The scale of the economy, in fact, is too big for one player to do everything. You can't start with a forest and end up with a ship. Players will find their specialties and niches within these enormous production chains, focusing on textiles or mining or building ship hulls or whatever. Because you have to move goods physically through the world, there can be players who literally just buy low and sell high, taking on the risk of cargo hauls through the pirate-infested Caribbean.

It's a very ambitious approach to economic gameplay, but it's true to the setting. This is the New World and everyone is here to get rich by buying and selling.

Of course, players who choose the Freetrader career will have advantages over others. They'll get access to skills that will help them navigate and move cargo around, as well as operate on a strategic scale.

Ports produce resources used by the economy. This means the RvR system of conquering ports is hugely important to the economy. When a port with a valuable resource is conquered by the enemy, merchant guilds will put pressure on navy guilds to take it back! And they'll pitch in themselves, smuggling goods to the conquered port to help generate unrest points there that will begin to shift the port's allegiance back to their side.

It's also a flat economy in terms of competition. Nothing in the economy requires that you be any higher than level 1. If you can raise the money and take the time, you can start producing meaningful stuff right away. There's no leveling up through making crappy daggers just to grind XP, and it means everyone can participate in the economy to whatever degree they're comfortable with. Even navy players who are focused on combat can still bring in a little extra cash by operating a rum distillery.

Hard to believe these are actual screenshots.
Fargo: Is Flying Lab still self-funded? What advice would you have for small companies trying to create a project as complicated as a massively multiplayer online game?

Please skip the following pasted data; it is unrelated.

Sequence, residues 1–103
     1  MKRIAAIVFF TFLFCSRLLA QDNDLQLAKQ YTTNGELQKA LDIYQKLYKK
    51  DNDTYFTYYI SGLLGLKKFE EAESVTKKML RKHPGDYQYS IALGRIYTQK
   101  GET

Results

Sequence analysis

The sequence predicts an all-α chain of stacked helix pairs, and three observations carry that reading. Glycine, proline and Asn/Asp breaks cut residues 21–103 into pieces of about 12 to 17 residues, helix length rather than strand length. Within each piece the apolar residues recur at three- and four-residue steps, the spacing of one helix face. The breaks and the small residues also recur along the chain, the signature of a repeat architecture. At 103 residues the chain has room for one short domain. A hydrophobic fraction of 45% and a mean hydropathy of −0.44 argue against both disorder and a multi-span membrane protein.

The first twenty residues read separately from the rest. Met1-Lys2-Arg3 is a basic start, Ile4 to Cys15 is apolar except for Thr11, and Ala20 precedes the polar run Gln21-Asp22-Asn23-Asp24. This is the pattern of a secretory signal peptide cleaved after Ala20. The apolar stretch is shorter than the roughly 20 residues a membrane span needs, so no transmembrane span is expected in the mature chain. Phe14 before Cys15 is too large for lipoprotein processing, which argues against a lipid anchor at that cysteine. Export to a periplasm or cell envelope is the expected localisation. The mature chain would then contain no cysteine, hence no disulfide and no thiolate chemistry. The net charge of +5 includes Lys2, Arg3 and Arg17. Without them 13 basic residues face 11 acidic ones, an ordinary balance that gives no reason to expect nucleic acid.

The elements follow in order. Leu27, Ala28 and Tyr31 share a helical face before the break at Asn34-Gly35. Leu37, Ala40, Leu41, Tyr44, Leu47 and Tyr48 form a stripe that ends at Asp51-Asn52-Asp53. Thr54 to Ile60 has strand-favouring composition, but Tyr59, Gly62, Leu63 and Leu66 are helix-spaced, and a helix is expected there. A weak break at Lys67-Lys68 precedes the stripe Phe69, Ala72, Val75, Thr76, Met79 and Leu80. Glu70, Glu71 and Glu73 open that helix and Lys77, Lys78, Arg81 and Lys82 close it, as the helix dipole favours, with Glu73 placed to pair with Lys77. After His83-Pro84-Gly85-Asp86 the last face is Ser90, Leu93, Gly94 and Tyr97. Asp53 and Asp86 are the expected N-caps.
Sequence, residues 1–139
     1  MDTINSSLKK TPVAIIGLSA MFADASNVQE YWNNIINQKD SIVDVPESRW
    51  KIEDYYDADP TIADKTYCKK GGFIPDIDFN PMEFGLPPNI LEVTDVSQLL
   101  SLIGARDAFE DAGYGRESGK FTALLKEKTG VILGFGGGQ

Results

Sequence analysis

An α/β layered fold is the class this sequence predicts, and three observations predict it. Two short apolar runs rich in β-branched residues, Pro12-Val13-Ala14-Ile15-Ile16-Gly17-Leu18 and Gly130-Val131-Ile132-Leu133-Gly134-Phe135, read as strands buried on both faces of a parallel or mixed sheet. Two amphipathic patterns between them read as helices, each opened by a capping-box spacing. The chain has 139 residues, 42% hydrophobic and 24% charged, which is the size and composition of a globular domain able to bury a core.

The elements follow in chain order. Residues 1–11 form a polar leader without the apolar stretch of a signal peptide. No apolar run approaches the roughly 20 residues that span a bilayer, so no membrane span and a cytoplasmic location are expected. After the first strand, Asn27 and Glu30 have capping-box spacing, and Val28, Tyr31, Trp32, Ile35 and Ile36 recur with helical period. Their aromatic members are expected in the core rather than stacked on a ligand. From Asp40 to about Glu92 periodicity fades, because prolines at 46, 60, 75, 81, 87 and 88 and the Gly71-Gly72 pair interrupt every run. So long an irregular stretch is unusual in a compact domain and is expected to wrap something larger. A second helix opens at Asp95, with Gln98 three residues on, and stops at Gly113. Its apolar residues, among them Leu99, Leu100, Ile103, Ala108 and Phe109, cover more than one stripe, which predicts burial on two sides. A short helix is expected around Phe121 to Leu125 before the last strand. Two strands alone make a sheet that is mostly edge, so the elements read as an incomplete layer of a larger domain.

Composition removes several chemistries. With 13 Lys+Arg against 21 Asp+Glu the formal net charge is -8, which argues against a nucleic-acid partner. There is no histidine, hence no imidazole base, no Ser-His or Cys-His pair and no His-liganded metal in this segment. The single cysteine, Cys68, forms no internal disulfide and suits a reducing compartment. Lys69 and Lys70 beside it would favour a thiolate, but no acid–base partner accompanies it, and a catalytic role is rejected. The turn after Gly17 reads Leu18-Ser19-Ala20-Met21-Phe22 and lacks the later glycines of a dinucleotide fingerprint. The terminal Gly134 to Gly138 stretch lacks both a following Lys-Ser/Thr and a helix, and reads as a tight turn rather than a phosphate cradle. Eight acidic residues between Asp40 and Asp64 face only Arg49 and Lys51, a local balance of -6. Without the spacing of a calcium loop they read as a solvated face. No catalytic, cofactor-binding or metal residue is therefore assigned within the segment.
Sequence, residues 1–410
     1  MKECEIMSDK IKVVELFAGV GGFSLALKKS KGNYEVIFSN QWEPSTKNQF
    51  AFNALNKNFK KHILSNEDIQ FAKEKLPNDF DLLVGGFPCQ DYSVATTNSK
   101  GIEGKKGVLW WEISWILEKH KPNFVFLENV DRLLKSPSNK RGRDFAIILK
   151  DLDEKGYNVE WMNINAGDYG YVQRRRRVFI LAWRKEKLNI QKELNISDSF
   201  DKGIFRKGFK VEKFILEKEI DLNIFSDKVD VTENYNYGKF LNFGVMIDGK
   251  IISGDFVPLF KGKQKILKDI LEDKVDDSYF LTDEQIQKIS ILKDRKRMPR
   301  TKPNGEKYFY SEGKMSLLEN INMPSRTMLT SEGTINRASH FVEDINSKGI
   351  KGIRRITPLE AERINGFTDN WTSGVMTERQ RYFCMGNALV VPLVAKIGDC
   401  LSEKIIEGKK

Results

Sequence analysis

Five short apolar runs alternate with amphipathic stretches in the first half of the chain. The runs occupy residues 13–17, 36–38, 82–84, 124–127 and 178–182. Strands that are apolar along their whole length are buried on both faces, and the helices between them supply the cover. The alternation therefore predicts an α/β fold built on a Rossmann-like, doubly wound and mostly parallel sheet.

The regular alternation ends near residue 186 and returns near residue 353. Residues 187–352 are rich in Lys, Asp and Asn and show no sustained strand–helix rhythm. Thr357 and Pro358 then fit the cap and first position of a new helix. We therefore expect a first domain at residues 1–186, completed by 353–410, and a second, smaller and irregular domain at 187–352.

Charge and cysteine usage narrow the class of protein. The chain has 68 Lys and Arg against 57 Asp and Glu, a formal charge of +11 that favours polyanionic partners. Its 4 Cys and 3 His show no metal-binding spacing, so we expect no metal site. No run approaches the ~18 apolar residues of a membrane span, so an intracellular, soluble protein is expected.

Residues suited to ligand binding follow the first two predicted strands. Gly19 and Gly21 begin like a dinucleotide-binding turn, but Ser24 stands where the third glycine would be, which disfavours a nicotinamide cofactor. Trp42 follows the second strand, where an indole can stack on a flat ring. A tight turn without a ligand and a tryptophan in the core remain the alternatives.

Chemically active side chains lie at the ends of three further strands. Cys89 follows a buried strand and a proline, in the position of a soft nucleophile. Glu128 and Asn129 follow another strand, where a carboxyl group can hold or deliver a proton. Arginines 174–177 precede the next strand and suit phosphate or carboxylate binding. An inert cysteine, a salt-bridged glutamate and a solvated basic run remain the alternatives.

Tynes: Yep. We have financed this game 100% by ourselves. While we are talking with a variety of companies about retail box distribution, we don't need their money to ship the game we've been working towards for the last four years. That doesn't mean we'll be perfect or anything, but it does mean that we are wholly responsible for delivering on the vision that has driven us this far.

As regards advice, that's a tough one. If we were starting out now we would definitely be evaluating more MMO middleware to see how it is. It's a funny thing -- our graphics engine, Alchemy, is a solid engine for visuals but behind the scenes it has some architectural features that have turned out to be critically important in building a stable client-server architecture, something you'd never expect to get out of an engine built for console action games. But they had some great engineers developing the engine and it's paid off for us hugely. You can get a big benefit from good middleware and anyone starting out who wants to do everything themselves is probably going to waste a lot of valuable time.

MMOs are expensive to build and expensive to operate. Five guys can ship an Xbox Live Arcade title, but you need a lot more people to make a competitive MMO these days. I would advise starting with a smaller online game to build some expertise before jumping into a full-blown MMO.

Passion and vision are crucial. Yet they aren't enough. You need professional practices, skilled staff, and good leaders to inspire everyone. And, frankly, you need a lot of money.

Fargo: And finally... Will Pirates of the Burning Sea have monkeys?

Tynes: I think the ninjas killed them all.


Today's Geek Stuff:
Mod News:
Hardware Links Courtesy of Voodoo Extreme:

Posted by at 9:55 AM PST
Edited on: February 05, 2007 11:57 AM PST